Last year, he posted a .701 SLG and .333 ISO against four seamers. The power was nearly invisible against sinkers, posting a .320 SLG and .030 ISO, but he still managed to post a .290 AVG with a .309 BABIP showing he wasn’t completely inept at handling a good sinker.

    To put the .701 SLG and .333 ISO into perspective, I’ll compare those rates to that of Bautista and Encarnacion, two hitters Jays fans have had the pleasure of watching a lot throughout the last four years.


    2014: .612/.306

    2013: .531/.242

    2012: .587/.317

    2011: .542/.297

    2010: .724/.471

    Bautista’s huge 54 HR season in 2010 is ridiculous, but outside of that year, Martin posted better rates with his 2014. His 2014 slugging actually comes close as well.


    2014: .563/.281

    2013: .632/.324

    2012: .638/.328

    2011: .510/.199

    Edwin and Jose had the luxury of playing half their games at the power friendly Rogers Centre, and while playing less demanding defensive positions.

    Martin obviously had huge success against four seamers in 2014, but it wasn’t an outlier. The three seasons prior he posted these rates.

    2013: .549/.255

    2012: .590/.314

    2012: .519/.256

    Clearly he’s always hit the fastball well, but perhaps it was a change in approach in Pittsburgh that let him reach new heights in 2014.

    In a Fangraphs piece shortly after Martin signed, Jeff Sullivan went over the impact he’ll have on the Jays, and went over some interesting wRC+ splits. His approach could have possibly changed, and that led to him using the whole field more with a focus on driving the ball up the middle and to the opposite field. Combine that with the move to the hitter friendly Rogers Centre, and you could have an up-tick in HR’s.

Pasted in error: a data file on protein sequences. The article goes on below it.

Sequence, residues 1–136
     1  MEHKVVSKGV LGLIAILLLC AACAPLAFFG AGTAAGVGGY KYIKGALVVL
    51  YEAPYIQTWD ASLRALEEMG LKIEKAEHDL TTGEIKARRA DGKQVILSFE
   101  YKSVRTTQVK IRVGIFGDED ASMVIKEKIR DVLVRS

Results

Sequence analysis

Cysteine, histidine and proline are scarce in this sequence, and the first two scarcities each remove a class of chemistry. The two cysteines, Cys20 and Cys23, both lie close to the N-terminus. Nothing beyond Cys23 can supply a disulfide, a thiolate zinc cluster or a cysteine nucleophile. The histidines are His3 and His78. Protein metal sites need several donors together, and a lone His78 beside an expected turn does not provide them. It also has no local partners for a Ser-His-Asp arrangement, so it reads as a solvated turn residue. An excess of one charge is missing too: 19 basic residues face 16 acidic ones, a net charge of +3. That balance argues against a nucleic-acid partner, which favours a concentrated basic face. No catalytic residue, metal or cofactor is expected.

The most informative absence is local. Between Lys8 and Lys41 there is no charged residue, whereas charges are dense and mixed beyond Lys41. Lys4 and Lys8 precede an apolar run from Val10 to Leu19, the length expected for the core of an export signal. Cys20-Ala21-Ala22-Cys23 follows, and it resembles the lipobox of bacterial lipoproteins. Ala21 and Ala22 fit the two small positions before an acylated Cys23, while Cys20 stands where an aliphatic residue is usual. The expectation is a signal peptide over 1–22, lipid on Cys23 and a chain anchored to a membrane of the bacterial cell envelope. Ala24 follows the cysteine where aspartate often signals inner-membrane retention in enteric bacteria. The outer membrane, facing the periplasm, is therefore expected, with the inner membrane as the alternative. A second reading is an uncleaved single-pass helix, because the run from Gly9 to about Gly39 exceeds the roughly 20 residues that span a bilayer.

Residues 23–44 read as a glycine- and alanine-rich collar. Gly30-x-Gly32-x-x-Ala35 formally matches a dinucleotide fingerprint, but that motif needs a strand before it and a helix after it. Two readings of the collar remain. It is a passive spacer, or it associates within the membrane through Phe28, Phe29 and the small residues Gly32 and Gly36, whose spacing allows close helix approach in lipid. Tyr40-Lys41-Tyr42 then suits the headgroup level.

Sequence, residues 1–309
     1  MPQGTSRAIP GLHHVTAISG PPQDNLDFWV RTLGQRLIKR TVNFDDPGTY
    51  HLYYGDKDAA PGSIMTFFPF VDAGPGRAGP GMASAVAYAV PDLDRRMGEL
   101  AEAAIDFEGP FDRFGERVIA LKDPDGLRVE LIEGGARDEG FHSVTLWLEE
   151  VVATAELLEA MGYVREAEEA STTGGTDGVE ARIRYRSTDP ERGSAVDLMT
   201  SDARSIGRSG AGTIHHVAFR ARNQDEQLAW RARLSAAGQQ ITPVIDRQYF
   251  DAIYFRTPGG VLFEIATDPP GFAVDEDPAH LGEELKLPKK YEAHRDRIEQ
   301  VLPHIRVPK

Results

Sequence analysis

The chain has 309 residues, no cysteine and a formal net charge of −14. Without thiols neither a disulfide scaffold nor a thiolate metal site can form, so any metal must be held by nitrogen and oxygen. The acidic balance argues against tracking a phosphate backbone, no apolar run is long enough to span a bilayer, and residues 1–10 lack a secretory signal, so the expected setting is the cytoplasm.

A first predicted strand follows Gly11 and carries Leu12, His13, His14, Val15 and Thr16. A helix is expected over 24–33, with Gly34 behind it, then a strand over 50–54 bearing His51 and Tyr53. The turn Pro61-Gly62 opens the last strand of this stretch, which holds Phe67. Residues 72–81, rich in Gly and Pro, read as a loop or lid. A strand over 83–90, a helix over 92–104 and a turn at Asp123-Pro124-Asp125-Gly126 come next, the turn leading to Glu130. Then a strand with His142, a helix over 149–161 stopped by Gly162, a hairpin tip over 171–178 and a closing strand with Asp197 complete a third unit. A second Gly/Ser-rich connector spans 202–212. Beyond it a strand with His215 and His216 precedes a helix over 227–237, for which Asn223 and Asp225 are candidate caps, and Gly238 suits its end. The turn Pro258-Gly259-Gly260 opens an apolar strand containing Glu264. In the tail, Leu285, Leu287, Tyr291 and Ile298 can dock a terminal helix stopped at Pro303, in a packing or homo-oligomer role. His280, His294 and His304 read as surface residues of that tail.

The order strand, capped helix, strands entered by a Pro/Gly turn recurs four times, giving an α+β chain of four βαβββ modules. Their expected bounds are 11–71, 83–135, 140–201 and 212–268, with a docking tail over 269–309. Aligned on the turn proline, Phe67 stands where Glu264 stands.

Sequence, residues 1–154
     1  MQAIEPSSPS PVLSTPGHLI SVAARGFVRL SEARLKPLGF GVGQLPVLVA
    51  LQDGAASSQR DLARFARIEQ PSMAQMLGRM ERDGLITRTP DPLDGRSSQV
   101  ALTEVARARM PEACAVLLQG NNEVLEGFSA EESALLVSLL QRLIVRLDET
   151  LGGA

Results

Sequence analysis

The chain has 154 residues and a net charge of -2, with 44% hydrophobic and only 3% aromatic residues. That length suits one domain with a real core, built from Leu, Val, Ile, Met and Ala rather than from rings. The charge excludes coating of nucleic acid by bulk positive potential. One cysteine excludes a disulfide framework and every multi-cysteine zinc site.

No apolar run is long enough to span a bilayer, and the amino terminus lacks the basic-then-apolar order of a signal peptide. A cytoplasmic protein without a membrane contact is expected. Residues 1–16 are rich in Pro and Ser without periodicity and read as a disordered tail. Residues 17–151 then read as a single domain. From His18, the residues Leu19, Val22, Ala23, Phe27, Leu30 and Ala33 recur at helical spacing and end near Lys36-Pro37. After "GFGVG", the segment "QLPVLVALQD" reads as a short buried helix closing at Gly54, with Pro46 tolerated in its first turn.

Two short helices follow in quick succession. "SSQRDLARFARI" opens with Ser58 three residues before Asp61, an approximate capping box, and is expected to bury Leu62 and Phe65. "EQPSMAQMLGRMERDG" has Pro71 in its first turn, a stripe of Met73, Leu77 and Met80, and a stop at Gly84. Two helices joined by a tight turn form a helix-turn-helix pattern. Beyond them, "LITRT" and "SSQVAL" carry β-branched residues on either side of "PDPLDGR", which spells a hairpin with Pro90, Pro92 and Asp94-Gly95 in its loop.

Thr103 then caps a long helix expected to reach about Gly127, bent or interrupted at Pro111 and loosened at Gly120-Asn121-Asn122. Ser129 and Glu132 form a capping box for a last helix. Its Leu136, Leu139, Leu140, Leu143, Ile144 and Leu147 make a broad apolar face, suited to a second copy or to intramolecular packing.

A look at Fangraph’s Pitchf/x data reinforces Martin’s dominance against fastballs in 2014. His wFA, which measures how many runs a player produces above average against four seams, was 23.2. That ranked first among all hitters with at least 250 PA’s. Jose Bautista was ranked second with 21.9.

    To paint a bit of a clearer picture of how each hitter did against any particular pitch, you can extrapolate that number per 100 pitches seen, and Martin scored a 3.57 wFA/c. Third best among all hitters with at least 250 PA’s, only behind Troy Tulowitzki and George Springer.

    Both were career highs for Martin, much like a number of other stats in 2014, but even according to these metrics, he’s consistently produced against the four seamer.

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    How reliable are these numbers? Can you expect a hitter to be consistent with these particular metrics? These questions you may be asking are valid, and I may not be able to answer them, but they do provide another picture of the success he’s had and why he should be placed in a position to maximize this strength.

    Of course, looking solely at his 2014 numbers against four seamers doesn’t tell the whole story, but looking at Martin’s package of tools, putting him in the two hole optimizes those strengths by putting him in a spot where they can provide the most value.

    His ability to see pitches and use the whole field are bonuses to his ability to get on base and torch fastballs. He’s already the type of hitter who will put himself in good counts to receive good pitches to hit, by placing him in front of Bautista, Edwin and Donaldson, you have to think those pitches are being thrown at him with more frequency.

    Expecting a duplication of his 2014 is far too optimistic, but I think if he’s given the opportunity to stay in the second spot of the order for the majority of the season, which I’ve expressed is what I believe should occur, the regression that’s expected by many might not be as dramatic.

    Pompey and Saunders gives Gibbons a couple options in case Martin goes down with injuries, good options nonetheless, but Martin’s strengths suggest that the second spot in the order is the place where he can provide the most value, making the entire lineup even more dangerous.

    Next: 2015 Blue Jays Top Prospects: #8 Miguel Castro